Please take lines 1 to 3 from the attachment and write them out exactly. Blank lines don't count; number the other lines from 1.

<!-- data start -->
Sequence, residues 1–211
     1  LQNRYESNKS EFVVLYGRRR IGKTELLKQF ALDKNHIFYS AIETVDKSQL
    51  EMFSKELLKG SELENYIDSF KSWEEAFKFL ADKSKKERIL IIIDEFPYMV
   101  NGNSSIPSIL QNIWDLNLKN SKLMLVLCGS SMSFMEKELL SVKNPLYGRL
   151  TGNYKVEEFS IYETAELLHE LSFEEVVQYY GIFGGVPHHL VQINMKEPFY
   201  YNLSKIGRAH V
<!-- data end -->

Sequence, residues 1–211
     1  LQNRYESNKS EFVVLYGRRR IGKTELLKQF ALDKNHIFYS AIETVDKSQL
    51  EMFSKELLKG SELENYIDSF KSWEEAFKFL ADKSKKERIL IIIDEFPYMV